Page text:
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photographer E-Yaji.
The Mary and George Bloch Collection: Part IV  
Bonham's, Hong Kong, 28 November 2011: Lot 6 

Lot 6


Lot 6
Treasury 3, no. 428 (‘The Pear-Shaped Happiness Coral’)

A carved coral 'magpies' snuff bottle

Coral; well hollowed, with a flat lip and recessed flat foot surrounded by a protruding broad, flat footrim; carved with a continuous scene of two pairs of magpies in a garden setting with a flowering prunus trees, orchids, chrysanthemums and bamboo
Height: 5.9 cm
Mouth/lip: 0.3/1 cm
Stopper: glass

Hugh M. Moss Ltd. (circa 1972)
Dinah O’Brien
Robert Hall (1994)

JICSBS, March 1981, front cover
Treasury 3, no. 428

There is a fairly large group of coral bottles that seem to be interrelated in some way and form a majority of the obviously early, functional coral bottles. The early group is characterized by a middle range of colour, from pale salmon to a more vibrant, vermilion-salmon colour, but tends not to include anything deeper in colour than, say, Treasury 3, no. 431. They are all well carved, with particularly good detailing of the foot, mostly with symbolic and auspicious subjects, reasonably well hollowed for a material that, because of its fragility, is seldom very well hollowed (although see two exceptions, Treasury 3, no. 434, and Sale 3, lot 64), and appear to have been made during the mid-Qing period, although there are few clues to more precise dating; inscriptions, dates, or signatures are very rare. A number of them are of the rounded rectangular form of no. 431 and so many other mid-Qing bottles, but other shapes are almost as common. Since we know that precious materials that were highly valued by the Chinese would have figured prominently among imperial bottles, it is sensible to consider the possibility that this group is imperial.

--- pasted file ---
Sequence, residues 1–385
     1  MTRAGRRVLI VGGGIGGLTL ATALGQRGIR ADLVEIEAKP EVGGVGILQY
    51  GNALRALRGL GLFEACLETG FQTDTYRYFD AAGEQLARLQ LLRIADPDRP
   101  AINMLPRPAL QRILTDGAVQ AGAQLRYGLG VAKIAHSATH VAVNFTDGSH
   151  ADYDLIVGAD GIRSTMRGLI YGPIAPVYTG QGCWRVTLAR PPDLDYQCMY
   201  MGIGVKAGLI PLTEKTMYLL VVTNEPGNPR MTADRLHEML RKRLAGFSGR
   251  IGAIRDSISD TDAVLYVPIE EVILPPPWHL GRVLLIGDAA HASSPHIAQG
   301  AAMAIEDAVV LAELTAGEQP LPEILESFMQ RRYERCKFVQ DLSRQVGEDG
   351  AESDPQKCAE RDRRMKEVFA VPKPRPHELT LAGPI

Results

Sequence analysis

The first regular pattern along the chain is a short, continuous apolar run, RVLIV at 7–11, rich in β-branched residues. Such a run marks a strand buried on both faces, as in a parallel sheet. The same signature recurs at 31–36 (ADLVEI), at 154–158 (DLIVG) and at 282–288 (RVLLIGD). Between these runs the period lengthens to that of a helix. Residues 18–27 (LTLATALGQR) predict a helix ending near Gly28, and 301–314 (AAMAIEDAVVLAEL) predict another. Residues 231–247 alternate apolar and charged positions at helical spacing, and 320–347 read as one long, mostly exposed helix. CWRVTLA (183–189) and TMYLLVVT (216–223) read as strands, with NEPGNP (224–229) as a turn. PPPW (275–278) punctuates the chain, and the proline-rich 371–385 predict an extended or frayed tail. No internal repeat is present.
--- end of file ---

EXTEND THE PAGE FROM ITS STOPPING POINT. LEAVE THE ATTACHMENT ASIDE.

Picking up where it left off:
Here the only possible support for such a possibility, an extremely tenuous one at that, is the vase form. The court was known to favour shapes drawn from other media, particularly ceramics and bronzes, and many imperial bottles are of this range of shapes.
Emerald-green jadeite is always an elegant addition to coral, to such an extent that if a coral bottle lacks a coral stopper of some kind, the chances are it will be matched up with green jadeite. This rather strangely shaped stopper, with its unusual bulge beyond the profile of the collar to provide an excellent grip, has found its ideal place here. So irregular a form would not sit well on the average short, cylindrical neck, which requires more formality, but a long, tapering neck like this can manage the eccentric flourish of an irregularly shaped stopper.


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Hugh Moss |